We found evidence that urinary metabolites can be used as biomarkers of endocrine diseases (thyroid disease and diabetes) and changes in biomarkers of endocrine function even in a general population setting. These findings may improve our understanding of disease mechanisms and lead to better prediction of disease.
1. NMR data preprocessing
NMR datasets from the included studies were processed including the following preprocessing steps: the removal of the water signal, outlier detection, bucketing, peak alignment of the NMR spectra and normalization.
2. Statistical-epidemiological analyses of cross-sectional and longitudinal associations between the urine metabolome and thyroid function as well as incident thyroid diseases (WP1+ WP2)
3. Analyses of longitudinal association between the urine metabolome and glucose homoeostasis (WP2)
4. Discovery of genetic determinants of urine metabolites (WP3)
In collaboration with the The Novo Nordisk Foundation Center for Basic Metabolic Research, a genome-wide association (GWA) study regarding the seventeen quantified urine metabolites and their ratios were performed. The analyses confirmed mainly findings of a large previous study.
5. Dissemination/communication of results
Presently, two original peer reviewed articles have been published (OPEN ACCESS). The research fellow has participated in and presented data at several international congresses.
The advantage of the presented project is the use of the urinary metabolome due to its non-invasive nature and its possible simple implication in screening programs. Furthermore, the presented studies were in relation to the corresponding research field the first studies which investigated continuous changes in insulin sensitivity as well as thyroid function and therefore also considered subclinical alterations and were not limited to manifest diseases. In regards to the development of screening tools it is of particular interest to identify subjects who are on the way to developing diseases and therefore the investigation of consecutive changes in metabolic status are crucial. In light of metabolomics studies the applied approaches are mainly hypotheses-free, therefore further research is needed to clarify the usefulness of the detected metabolites.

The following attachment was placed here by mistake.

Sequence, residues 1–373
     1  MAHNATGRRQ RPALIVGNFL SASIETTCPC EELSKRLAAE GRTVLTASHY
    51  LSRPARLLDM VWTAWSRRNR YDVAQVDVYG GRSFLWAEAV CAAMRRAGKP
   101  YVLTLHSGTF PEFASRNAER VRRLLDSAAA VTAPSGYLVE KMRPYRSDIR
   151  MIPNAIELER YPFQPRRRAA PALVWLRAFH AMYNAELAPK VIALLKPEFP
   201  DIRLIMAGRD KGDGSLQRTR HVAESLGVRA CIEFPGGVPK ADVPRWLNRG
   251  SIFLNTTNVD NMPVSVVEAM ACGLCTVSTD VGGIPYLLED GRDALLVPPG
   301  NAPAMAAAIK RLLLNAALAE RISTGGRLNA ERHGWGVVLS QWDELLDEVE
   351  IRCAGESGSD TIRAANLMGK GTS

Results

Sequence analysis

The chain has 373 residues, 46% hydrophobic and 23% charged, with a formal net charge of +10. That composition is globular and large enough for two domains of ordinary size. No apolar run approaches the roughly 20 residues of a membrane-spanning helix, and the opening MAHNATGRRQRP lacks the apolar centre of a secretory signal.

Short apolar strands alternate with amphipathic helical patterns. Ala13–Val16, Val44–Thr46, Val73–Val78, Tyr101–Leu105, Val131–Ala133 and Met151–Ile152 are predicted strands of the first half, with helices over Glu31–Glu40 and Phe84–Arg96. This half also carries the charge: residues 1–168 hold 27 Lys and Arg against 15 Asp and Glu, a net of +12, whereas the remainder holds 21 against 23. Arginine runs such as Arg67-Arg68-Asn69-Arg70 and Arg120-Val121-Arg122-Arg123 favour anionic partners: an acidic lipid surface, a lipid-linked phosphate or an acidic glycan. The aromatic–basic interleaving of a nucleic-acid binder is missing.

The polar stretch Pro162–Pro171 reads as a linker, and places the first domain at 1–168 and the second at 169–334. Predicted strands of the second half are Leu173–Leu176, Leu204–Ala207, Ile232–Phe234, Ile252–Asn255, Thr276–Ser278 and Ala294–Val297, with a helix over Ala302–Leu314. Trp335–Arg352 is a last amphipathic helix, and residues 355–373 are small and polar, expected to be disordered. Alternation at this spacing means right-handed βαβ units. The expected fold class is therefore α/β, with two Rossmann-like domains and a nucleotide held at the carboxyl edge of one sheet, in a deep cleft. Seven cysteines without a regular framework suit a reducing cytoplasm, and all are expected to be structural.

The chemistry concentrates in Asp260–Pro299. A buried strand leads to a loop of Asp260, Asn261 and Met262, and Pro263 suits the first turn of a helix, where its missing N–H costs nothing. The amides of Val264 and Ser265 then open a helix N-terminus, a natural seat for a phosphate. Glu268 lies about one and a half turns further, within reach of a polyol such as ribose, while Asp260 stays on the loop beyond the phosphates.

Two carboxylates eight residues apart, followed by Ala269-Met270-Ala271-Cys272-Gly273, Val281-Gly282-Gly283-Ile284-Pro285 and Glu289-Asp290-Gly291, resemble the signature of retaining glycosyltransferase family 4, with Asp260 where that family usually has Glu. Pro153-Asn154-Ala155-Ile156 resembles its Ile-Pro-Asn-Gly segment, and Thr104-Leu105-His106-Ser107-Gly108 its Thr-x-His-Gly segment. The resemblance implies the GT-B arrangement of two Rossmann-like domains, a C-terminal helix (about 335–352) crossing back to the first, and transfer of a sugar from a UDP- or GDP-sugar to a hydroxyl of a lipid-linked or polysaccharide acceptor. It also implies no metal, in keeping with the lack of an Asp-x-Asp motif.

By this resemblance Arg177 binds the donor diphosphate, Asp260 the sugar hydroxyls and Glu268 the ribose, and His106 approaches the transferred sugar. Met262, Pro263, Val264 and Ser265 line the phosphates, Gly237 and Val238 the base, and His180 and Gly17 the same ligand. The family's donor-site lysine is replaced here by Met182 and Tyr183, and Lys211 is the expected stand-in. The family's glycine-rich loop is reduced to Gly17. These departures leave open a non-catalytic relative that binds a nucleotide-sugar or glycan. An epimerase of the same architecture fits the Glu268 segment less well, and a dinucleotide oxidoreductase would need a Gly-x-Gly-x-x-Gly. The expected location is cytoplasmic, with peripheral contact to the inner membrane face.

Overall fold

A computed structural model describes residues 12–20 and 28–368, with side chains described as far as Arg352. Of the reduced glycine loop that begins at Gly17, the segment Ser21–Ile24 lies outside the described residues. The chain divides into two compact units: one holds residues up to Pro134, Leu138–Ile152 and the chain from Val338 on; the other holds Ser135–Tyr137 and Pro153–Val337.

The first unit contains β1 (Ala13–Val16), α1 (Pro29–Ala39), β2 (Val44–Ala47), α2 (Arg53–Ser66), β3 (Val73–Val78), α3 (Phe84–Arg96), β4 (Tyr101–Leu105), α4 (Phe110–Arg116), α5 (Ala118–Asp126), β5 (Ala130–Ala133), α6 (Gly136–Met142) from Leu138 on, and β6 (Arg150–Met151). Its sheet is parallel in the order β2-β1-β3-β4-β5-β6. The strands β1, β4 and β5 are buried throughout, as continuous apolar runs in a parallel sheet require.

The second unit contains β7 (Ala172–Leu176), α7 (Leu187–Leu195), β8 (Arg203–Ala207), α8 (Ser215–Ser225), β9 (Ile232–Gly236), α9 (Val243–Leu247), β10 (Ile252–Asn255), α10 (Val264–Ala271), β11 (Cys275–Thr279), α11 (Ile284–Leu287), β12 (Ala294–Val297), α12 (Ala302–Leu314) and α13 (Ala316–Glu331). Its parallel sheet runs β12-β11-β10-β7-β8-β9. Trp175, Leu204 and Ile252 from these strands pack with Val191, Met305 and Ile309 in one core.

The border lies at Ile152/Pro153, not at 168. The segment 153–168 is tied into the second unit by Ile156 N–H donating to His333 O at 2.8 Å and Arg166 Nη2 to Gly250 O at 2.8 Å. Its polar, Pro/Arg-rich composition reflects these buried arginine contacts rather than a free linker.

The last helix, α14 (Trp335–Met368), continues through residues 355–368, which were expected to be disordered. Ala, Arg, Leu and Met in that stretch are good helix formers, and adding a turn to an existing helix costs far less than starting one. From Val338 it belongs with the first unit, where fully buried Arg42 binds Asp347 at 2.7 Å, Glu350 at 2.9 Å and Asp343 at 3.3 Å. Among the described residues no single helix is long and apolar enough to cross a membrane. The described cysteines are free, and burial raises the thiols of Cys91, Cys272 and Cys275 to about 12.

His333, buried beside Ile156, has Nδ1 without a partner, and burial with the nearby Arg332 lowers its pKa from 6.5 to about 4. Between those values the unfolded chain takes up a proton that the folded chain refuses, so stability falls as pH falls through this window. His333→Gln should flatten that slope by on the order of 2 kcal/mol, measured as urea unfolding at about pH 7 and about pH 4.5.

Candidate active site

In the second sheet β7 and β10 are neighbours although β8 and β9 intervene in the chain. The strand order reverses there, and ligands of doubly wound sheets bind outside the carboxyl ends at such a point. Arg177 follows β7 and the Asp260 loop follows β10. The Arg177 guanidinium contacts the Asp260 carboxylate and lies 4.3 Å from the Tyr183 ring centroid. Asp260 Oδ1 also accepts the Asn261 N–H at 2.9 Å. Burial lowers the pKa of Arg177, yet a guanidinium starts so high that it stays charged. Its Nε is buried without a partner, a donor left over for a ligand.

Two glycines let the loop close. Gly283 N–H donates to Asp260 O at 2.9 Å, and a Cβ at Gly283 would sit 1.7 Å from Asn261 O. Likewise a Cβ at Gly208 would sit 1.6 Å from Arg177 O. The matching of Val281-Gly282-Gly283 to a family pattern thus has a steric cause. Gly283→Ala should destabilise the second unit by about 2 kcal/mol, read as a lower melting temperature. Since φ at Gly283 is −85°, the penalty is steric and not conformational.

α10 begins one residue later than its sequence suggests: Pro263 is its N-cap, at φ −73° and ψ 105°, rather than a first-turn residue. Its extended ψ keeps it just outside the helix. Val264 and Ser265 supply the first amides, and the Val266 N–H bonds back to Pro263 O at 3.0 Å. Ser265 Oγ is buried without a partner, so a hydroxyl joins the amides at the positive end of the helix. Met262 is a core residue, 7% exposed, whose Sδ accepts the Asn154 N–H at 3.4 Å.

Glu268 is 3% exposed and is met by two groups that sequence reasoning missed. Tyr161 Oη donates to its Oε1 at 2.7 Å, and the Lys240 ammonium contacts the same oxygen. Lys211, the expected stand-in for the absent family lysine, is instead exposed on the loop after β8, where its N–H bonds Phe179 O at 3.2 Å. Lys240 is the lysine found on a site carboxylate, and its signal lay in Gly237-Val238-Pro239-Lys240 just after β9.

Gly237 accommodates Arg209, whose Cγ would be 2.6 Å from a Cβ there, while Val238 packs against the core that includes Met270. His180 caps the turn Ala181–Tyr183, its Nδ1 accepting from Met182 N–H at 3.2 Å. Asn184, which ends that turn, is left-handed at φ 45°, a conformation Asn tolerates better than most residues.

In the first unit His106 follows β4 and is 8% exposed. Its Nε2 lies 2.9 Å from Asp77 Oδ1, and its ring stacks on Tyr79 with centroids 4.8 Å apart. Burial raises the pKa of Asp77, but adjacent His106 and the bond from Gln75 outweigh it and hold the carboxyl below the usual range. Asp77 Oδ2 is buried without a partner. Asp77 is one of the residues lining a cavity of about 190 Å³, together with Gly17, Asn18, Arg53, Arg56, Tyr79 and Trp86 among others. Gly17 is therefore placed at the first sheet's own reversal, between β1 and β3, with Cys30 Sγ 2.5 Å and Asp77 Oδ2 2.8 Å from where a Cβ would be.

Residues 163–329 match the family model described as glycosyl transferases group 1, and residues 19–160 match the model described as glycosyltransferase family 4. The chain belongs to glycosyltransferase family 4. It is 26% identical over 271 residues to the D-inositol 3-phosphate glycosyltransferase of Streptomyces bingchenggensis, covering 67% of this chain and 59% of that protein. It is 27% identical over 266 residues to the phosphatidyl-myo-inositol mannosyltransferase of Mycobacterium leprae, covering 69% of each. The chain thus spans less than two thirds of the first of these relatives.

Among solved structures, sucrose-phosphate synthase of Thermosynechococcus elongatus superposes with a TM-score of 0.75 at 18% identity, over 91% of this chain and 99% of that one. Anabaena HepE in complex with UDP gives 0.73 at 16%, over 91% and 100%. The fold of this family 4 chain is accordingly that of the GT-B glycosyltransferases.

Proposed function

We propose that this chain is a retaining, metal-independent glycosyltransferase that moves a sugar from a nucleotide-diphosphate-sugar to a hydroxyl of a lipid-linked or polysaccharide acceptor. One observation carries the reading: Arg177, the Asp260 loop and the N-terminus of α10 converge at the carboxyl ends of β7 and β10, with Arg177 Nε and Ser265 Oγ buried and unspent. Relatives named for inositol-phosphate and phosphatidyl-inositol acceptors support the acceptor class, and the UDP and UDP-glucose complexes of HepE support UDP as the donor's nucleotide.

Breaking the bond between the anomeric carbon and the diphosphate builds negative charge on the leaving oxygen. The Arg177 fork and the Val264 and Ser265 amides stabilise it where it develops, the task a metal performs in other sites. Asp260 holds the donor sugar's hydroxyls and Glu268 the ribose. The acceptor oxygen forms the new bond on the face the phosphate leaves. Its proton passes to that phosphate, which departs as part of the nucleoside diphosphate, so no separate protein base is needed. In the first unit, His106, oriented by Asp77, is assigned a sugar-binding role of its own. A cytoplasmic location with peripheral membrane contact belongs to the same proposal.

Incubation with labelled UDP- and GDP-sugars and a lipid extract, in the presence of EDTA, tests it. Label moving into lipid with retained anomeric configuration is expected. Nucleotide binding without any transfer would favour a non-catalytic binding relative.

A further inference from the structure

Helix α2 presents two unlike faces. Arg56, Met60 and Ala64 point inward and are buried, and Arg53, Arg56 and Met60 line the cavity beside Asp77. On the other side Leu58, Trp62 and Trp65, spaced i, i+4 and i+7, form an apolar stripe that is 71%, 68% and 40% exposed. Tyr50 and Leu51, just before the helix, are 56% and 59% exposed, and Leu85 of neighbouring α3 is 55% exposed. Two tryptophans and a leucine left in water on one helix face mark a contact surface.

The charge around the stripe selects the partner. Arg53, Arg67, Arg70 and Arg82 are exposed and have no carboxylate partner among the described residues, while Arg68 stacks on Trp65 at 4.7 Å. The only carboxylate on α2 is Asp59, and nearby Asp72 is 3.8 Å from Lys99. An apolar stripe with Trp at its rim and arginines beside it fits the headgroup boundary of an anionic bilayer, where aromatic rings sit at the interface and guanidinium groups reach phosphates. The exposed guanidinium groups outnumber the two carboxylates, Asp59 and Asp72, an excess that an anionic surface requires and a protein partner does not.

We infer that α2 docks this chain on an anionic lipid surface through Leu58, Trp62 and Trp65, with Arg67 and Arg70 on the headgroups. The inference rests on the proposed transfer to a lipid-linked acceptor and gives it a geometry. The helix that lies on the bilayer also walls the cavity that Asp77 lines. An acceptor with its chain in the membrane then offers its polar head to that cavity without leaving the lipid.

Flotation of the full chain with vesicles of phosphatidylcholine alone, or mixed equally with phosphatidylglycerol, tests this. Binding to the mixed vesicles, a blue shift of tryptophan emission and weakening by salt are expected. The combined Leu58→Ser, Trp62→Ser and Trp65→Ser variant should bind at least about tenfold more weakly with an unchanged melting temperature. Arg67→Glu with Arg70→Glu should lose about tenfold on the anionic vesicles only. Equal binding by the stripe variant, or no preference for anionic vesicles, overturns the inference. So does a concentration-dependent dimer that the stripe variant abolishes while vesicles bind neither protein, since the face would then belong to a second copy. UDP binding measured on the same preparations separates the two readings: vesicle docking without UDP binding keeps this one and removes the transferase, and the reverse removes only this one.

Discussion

Nevertheless, the finding of trigonelline as metabolite associated with changes in markers of glucose homoeostasis as well as thyroid function represents a most interesting finding in the project. The effect of coffee consumption on various diseases or metabolic alterations is focus of a controversial discussion. Older studies mainly showed adverse effects, whereas newer evidence suggest possible positive health effects on different diseases including diabetes mellitus or liver diseases. However the research field is influenced by potential pitfalls like the consideration of the coffee composition (e.g. caffeinated or decaffeinated coffee as well as different additives) or the various preparation method (filter coffee or Turkish coffee) which makes it hard to drawn a generalized conclusion. Therefore, the further investigation of the impact of coffee consumption on metabolic alteration and diseases seems of particular interest and might forms the basis for interventional and experimental studies.